Almost everything revolved around Carlos Colorado until his death 1986, when the group’s tour bus crashed. Since then, changes to the style have been minimal.[1] However, the loss of Colorado caused division in the original band, causing some members to split off and form another band called Los Santaneros. The remaining members renamed themselves Internacional Sonora Santanera, and had the support of Colorado’s widow.[5]

During their career, they have received numerous awards, recognitions and gold and silver records and have traveled extensively in the United States, Central and South America.[3][7] They have released sixty recordings, with their music featured in many films and television shows.[7] They have received awards such as Las Lunas del Auditorio and were featured on a national lottery ticket in 2010.[2][7] In 2009, the band was included in the Salón de la Fama, Mexico’s musical Hall of Fame.[8]

Through the 2000s, the success of the band has spurred the formation of groups using “Sonora Santanera” as part of the name such as La Sonora Santanera de Carlos Colorado, which was begun by the son and widow of Carlos Colorado.[8][9] Another group was formed by former member Gildardo Zárate.[9] These new legal problems caused the band to modify its name again in 2007, to its current one La Única Internacional Sonora Santanera in order to distinguish themselves.[7] This band, which insists it is the only and the original has been involved in legal actions in Mexico and the United States in order to lay sole claim to the name “Sonora Santanera.”[2][4][9]

As of October 2014, the daughter of Carlos Colorado, Norma, announced the start of "La Sonora Santanera de Carlos Colorado" in the United States of America and appointed Lorenzo Ginez as the leader and managing director of the only group connected to the original family name.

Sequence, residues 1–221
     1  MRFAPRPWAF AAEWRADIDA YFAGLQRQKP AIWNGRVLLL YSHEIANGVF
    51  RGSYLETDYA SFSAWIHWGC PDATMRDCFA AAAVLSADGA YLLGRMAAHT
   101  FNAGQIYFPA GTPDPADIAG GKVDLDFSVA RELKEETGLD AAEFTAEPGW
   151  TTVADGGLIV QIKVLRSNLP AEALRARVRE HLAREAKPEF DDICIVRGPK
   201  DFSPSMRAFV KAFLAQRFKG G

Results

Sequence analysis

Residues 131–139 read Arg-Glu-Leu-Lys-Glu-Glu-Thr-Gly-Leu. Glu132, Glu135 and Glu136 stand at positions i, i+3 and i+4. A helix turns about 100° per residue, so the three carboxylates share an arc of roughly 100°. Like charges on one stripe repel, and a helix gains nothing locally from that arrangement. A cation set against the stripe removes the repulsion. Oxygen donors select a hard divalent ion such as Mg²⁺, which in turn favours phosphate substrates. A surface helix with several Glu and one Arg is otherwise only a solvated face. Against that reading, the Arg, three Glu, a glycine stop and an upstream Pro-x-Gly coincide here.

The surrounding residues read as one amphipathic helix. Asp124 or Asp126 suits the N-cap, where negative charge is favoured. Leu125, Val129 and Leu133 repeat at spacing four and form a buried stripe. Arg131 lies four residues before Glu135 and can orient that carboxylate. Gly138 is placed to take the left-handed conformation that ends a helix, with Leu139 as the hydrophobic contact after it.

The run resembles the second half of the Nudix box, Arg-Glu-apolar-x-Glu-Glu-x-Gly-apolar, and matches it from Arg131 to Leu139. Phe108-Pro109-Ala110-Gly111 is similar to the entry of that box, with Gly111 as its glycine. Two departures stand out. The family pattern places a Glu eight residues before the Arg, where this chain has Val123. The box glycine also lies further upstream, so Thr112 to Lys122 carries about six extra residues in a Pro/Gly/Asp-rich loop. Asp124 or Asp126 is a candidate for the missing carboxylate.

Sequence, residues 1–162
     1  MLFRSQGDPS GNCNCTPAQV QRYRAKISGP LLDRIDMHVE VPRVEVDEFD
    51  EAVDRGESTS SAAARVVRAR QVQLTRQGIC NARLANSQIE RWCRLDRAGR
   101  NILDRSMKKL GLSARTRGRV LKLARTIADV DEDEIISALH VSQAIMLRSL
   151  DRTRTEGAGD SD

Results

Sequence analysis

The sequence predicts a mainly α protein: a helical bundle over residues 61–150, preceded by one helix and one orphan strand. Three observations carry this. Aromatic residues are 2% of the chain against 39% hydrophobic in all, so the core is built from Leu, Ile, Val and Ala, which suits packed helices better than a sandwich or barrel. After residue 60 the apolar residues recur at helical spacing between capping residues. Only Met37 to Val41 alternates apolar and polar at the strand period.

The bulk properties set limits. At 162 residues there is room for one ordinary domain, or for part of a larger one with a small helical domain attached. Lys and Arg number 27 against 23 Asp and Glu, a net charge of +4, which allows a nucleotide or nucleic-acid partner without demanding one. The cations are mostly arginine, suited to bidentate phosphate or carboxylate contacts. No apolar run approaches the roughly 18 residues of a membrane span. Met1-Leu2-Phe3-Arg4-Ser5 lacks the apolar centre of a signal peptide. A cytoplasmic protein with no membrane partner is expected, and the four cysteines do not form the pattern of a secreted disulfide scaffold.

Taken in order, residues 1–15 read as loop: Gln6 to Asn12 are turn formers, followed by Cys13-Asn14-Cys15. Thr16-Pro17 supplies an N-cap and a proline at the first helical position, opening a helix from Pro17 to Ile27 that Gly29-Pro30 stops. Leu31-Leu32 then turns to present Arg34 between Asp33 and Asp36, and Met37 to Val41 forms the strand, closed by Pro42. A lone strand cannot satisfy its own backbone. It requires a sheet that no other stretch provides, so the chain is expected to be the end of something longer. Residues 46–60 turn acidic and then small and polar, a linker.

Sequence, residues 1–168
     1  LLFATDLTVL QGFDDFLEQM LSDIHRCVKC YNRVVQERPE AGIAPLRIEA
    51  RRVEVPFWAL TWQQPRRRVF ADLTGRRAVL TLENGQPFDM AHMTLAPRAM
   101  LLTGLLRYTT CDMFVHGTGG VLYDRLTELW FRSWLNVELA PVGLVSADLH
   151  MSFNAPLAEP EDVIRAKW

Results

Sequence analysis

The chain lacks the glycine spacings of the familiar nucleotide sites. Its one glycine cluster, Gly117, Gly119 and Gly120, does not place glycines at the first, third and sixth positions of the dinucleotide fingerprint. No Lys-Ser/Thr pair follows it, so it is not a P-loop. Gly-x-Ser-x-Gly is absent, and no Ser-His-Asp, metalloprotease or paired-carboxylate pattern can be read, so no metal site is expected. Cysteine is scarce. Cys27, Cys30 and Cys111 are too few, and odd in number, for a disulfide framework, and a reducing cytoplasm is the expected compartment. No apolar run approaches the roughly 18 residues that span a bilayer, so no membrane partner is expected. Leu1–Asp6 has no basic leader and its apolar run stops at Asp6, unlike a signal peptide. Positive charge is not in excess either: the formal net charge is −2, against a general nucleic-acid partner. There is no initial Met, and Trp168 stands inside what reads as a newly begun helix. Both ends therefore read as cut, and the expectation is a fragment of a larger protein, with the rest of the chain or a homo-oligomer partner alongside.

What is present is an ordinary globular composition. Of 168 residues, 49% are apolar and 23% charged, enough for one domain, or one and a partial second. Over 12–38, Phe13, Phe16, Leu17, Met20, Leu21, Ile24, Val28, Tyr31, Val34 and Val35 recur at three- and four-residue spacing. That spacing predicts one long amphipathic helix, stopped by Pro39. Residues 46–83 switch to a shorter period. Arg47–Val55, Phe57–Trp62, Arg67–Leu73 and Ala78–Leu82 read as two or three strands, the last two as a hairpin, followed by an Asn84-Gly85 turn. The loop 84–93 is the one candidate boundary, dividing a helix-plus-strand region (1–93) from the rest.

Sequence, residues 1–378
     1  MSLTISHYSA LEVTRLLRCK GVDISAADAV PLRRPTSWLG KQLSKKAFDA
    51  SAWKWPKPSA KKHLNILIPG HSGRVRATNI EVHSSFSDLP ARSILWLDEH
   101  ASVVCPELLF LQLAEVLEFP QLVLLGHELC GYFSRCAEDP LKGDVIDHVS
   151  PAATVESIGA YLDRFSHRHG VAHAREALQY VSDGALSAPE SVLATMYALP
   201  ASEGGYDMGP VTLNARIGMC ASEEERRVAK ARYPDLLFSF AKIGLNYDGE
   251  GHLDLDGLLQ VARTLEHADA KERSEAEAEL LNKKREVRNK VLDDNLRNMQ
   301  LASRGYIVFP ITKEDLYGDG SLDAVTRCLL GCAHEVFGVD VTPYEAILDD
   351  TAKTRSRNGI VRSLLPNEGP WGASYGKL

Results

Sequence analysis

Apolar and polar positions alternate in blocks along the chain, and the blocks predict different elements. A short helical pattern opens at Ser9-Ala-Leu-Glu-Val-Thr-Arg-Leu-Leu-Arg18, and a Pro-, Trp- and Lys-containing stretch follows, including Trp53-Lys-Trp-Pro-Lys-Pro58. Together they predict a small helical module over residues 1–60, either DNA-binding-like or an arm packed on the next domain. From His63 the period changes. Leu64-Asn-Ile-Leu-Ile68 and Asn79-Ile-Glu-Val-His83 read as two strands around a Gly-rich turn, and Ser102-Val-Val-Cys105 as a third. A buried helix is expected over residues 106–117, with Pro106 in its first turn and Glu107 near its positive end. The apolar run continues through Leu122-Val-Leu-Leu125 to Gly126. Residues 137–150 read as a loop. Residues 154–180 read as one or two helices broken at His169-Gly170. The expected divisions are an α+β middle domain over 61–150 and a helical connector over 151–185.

Members[edit]

The band currently has twelve members: Antonio Méndez on trumpet, Francisco Méndez on trompet, Sandro Celada on percussion (2003), Arturo Ortiz Martínez on percussion (1973), Rubén Nava on trompet, Tomás Cruz on vocals, Alfredo Pino Cruz on trumpet, Simón Hernández on vocals, Alfredo Hernández Mejía on bass (2001) and José Antonio Torres on piano.[6][7]

The oldest members are Arturo Ortiz, the current director, Sergio Celada and Antonio Méndez.[10][11] From the original eight members the band has gained and lost members who have either left to pursue other interests or have died. Former members include founding leader, Carlos Colorado, Sonia López, Armando Espinoza, Juan Bustos, Silvestre Mercado, Antonio Casas Sánchez, Lorenzo Hernández Mejía, Serio Celada, and Jorge Ortiz Martínez, son of Arturo Ortiz.[7][10] The most recent losses for the orchestra was that of Jorge Ortiz, who died in an automobile accident in 2008 at the age of 41, and Sergio Celada Duarte, who died in 2010 at the age of 70.[12] Tony Arellano has been the M.C. of the band for many years and is also responsible for radio and television promotion of the group.[5]

Artistry[edit]

The band consists of trumpets, bass, piano, percussion and four principle voices. It performs musical styles such as mambo, cha-cha-cha, bolero, cumbia and meringue.[3] Much of its repertoire is similar to that from the band’s heyday in the 1960s. This includes songs such as Perfume de gardenias, La boa, Luces de Nueva York, Escarcha, ¿Dónde estás Yolanda?, Naufragio, En tu pelo, Si supieras and many more.[7][11] The band says that some of its success is due to the fact that the music is “commercial, easy to internalize and understandable.”[7] The group has also stated that although they have created and played new works, audiences tend to want the classics and do not like it if the band changes style.[7][13]